Home / International News / Trinidad Deports Members Of Canada-Based Ultra-Orthodox Jewish Group

Trinidad Deports Members Of Canada-Based Ultra-Orthodox Jewish Group

PORT OF SPAIN, Trinidad CMC – Nine members of a Canadian-based ultra-Orthodox Jewish sect, Lev Tahor, were deported to Canada on Saturday less than 48 hours after a High Court here dismissed an application for a habeas corpus writ to have them released from detention in Trinidad and Tobago.

Attorney General Anand Ramlogan confirmed that the members of the group, which included children, were removed from a hotel near the Piarco International Airport, east of here and placed on a plane to Canada.

He said the Trinidad and Tobago government could not breach an order from a competent court in Canada and that failure to send the members back to Quebec could have resulted in diplomatic problems between the two countries.

Ramlogan said that Trinidad and Tobago could not turn its back to the Court ruling regarding the Child protection order whereby the children would have been handed over to child protection agencies in Canada.

“The welfare of the children was foremost,” he said on television, adding that the decision to deport the members of the group came after their appeals of the High Court order to the Immigration authorities were denied.

He said he had been asked to provide legal advice on the matter and that he had informed the immigration authorities that the appeal was not within the time limit included in the Immigration Act and as a result “there was no legal basis or justification for the group to remain in Trinidad and Tobago”.

Those deported are Ester Hayon, 50; Azar Hayon, 59; Avrohom Dinkel, 22; Yeshivia Hayon, 15; Tehila Hayon, 13; Yehodit Nechama Soleimani, 16; Mariam Soleimani, 15; Shira Hayon, 11; and Moshe Yochanan, nine.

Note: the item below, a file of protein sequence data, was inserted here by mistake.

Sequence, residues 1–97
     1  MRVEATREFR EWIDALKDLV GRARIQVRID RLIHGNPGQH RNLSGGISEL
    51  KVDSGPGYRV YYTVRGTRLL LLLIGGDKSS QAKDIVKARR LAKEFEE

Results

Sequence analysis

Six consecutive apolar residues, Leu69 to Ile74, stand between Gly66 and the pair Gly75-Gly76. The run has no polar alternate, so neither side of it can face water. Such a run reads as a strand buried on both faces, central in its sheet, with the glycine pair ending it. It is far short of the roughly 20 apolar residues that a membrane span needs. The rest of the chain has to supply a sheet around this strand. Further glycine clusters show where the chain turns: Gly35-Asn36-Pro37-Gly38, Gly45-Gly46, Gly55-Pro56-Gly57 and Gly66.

A statement issued by the Ministry of National Security earlier this week, said that the group had arrived here on Monday on board a West Jet flight from Canada.

It said they had been interviewed by immigration authorities “who discovered inconsistencies in their responses.

“As a consequence, and in adherence to international immigration protocols, the group was rejected and advised of their inability to travel on to Guatemala,” the statement said, adding that the group subsequently employed local attorney Farah Masai “who began advocating their concerns with the airline and immigration authorities”.

National Security Minister Gary Griffith said local authorities were holding talks with their Canadian counterparts on the matter.

Several members of the religious group were scheduled to appear before a court in Chatam-Kent, Canada, on Wednesday when a decision was expected to be made regarding 14 Lev Tahor children who were to be returned to Quebec and placed in foster care.

The application for the habeas corpus writ was filed at the High Court on Wednesday night.

Their attorneys had argued that their clients were being detained in unsanitary conditions, and were only allowed food on Tuesday night. They claimed also that the detention at the Piarco International Hotel was unlawful as they had not been charged with any criminal offence.

However, the High Court ruled that evidence in the application was lacking and that one of the attorneys in his affidavit had pointed out that his clients were being kept in less than humane conditions, but there was nothing further in the affidavit to expand on this claim.

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